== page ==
1990 Château Pichon-Longueville Baron- France, Bordeaux, Médoc, Pauillac (5/20/2010)
Oh sheesh, wow, I mean just WOW. It’s funny, sometimes I flip over Bordeaux, and sometimes I find it a little boring. I guess it’s a seasonal thing. This week Eric Asimov wrote a blog talking about the demise of Bordeaux among younger wine lovers. I was worried. Is my taste shifting away? Was he writing about me?
Time to open a fun bottle as a test. Well as it turns out, no fear, I love the stuff. The 1990 Pichon Baron is a crazy, sexy, beast of a wine. Coffee, smoke, tobacco and a bare whiff of banryard just explode from the glass. The palate is equally exotic, fabulously vibrant, quite rich in the spirit of 1990, but screaming of tobacco, soil, minerals and rocks with sweet fruit oozing between. Man oh man, how is this wine so good? I mean this is is just really, really, REALLY good Bordeaux.
I didn’t exactly hit it with a textbook food match either: seared rare Ahi, sauteed Copper River Sockeye, truffled mashed Yukon gold, and sauteed fiddleheads and morels. This wine was happiest with the mash and Ahi, but it easily had enough acid and vibrancy to still work with the other components. (96 pts.)
Maybe you’re not young enough to be part of the group E.A. is talking about? All joking aside, it sounds like it was a fantastic wine. My feeling is that the average young wine “enthusiast” just doesn’t have the financial means to explore bordeaux anymore.
Eric, you are the man. I would never think to drink a 90 PB on a Thursday night but you do. It must be in a real sweet spot right now, the one I had with Brian and Dan a couple months back was that good.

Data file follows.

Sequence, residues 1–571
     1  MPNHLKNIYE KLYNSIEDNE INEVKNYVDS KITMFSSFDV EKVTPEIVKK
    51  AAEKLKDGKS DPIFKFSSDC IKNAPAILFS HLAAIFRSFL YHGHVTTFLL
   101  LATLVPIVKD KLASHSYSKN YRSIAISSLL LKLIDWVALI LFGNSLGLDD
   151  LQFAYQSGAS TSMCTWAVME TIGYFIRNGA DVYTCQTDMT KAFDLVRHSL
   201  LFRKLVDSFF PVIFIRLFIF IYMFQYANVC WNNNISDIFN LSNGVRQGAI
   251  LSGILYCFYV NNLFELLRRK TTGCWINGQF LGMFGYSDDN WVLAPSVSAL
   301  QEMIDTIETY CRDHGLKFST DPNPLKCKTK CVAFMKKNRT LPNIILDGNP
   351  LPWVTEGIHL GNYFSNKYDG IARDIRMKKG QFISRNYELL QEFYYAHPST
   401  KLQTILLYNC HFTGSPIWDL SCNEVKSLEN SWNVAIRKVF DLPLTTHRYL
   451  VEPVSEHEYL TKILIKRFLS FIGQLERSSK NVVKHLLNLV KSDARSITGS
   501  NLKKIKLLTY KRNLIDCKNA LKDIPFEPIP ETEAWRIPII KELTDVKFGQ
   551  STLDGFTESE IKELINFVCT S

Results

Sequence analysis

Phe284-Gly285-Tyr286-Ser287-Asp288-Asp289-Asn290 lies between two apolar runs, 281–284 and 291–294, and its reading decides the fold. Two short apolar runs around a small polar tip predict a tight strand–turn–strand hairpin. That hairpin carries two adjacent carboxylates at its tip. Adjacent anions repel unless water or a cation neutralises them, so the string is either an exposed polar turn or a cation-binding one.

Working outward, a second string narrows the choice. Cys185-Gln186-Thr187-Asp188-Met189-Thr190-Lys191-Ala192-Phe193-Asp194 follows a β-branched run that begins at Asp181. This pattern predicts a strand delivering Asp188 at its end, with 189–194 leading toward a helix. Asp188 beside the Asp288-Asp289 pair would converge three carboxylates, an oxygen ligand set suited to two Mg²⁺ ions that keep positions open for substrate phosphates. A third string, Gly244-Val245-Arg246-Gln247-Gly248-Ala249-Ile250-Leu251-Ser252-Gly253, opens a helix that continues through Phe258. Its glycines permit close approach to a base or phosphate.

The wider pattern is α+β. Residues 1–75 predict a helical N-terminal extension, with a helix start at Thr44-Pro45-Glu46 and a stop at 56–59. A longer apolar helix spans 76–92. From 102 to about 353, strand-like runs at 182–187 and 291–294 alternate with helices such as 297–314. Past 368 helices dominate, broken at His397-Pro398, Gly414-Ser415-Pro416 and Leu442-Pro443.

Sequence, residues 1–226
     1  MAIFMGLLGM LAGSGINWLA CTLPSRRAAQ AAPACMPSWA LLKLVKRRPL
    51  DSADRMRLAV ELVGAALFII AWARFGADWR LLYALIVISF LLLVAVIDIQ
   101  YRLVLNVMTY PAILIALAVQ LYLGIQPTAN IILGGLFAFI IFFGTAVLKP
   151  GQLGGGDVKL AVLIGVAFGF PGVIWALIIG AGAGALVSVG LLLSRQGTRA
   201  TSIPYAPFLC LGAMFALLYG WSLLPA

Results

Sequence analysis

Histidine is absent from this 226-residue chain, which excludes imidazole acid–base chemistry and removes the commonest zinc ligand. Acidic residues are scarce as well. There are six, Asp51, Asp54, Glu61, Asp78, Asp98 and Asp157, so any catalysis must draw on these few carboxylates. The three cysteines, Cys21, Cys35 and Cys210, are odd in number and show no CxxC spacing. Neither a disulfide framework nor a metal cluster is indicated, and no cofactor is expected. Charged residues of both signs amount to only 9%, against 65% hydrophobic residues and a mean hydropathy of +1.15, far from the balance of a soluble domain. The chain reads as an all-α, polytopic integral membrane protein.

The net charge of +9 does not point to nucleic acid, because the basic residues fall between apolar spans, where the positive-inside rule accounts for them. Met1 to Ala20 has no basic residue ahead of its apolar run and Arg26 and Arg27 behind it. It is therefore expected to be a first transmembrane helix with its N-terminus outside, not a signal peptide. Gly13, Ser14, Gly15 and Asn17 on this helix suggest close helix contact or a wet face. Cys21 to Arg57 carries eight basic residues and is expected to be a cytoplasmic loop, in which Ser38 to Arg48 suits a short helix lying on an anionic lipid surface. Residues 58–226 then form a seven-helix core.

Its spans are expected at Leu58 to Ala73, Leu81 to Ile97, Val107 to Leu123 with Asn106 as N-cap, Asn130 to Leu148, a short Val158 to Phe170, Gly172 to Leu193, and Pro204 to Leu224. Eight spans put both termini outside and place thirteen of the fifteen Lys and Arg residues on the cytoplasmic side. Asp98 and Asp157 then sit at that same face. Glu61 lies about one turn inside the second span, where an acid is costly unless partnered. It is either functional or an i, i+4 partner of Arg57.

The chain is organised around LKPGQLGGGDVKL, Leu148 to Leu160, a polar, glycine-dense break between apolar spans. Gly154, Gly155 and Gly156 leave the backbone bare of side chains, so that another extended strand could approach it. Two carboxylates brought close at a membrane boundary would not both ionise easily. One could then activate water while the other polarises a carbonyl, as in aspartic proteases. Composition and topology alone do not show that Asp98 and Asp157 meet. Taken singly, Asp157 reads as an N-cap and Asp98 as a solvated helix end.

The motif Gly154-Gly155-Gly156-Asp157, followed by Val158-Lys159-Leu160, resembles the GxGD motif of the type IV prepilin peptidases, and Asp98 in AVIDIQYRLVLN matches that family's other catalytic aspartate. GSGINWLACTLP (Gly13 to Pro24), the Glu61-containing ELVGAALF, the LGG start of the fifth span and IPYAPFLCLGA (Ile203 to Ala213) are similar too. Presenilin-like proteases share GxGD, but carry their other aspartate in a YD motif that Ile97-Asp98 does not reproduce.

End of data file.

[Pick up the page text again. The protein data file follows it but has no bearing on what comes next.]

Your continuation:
JMunro, I’m only 40. That’s young, right??? I am certainly sad that the First Growths are now out of reach of pretty much all mere mortals. As recently as 2003 I bought whole cases of several firsts. I am not sure if I will ever open them. Thank goodness for some of the 2nd’s and 3rd’s and overperformers like Sociando MAllet and Reignac. There is a lot of great Bordeaux, but it does scream for food.
Steve, we had at bottle of this (from the same batch) with French to at Ed’s – the night you drew on my head you SOB. This one was a notch above that one but quite similar. BTW, I just finished two days of really successful usability testing on GrapeStories Mobile and was feeling a little celebratory.
Thanks for the note Eric - you certainly have been drinking well!
Pichon Baron has really catapulted to near the top of my Bordeaux list at the moment - the consistency is quite incredible, and when aged, they can be so spectacular. Some of the recent bottles that I have had - 1961, 2000 and 2001 - have really captured the imagination. And that is saying a lot for a Burgundy drinker who normally likes the softer stylings of Ducru-Beaucaillou, Margaux and Pichon-Lalande!
Eric, Yes. We did 10 1990 Left Bank wines. Biggest surprise was that both the Gruaud and Montrose were clean bottles. The Montrose was great. I think the lack of funk took away from the Gruaud. Haut Brion and LLC were also up there but for my palate I really loved the Pichon Baron and Lynch.
Nice showing on the 1990 Lynch. I love that wine but have always preferred the 89 to the 90 – more complexity. The 1990 is a bit of a monolithic wall. Sounds like your bottle had started to come into its own. Yum, I am a huge fan of the 1990 Bordeaux in general, just a really sweet spot (no pun intended) of ripeness yet without going too far. Since I am relatively recent to this, I always wonder what the 1990’s were like in their youth and how they compared to 2000, 2003, 2005, and 2009.
I also get into those ‘funks’ about wine, i.e. boredom…and interestingly it was the 2000 PB that re-ignited me in Bordeaux couple months ago.
For me, I just keep rotating wine regions and it keeps me generally excited about wine.
Pichon Baron is probably my favorite Bordeaux, and the 1990 is a killer. It’s still young and on the upward side of life, even after 20 years. I think I still have 6 bottles in the cellar, which I’m parceling out slowly.
BTW, the 1959 Pichon Baron is still alive and tasty. It requires a slow oxygenation (about 5 hours before service) and it comes together really well.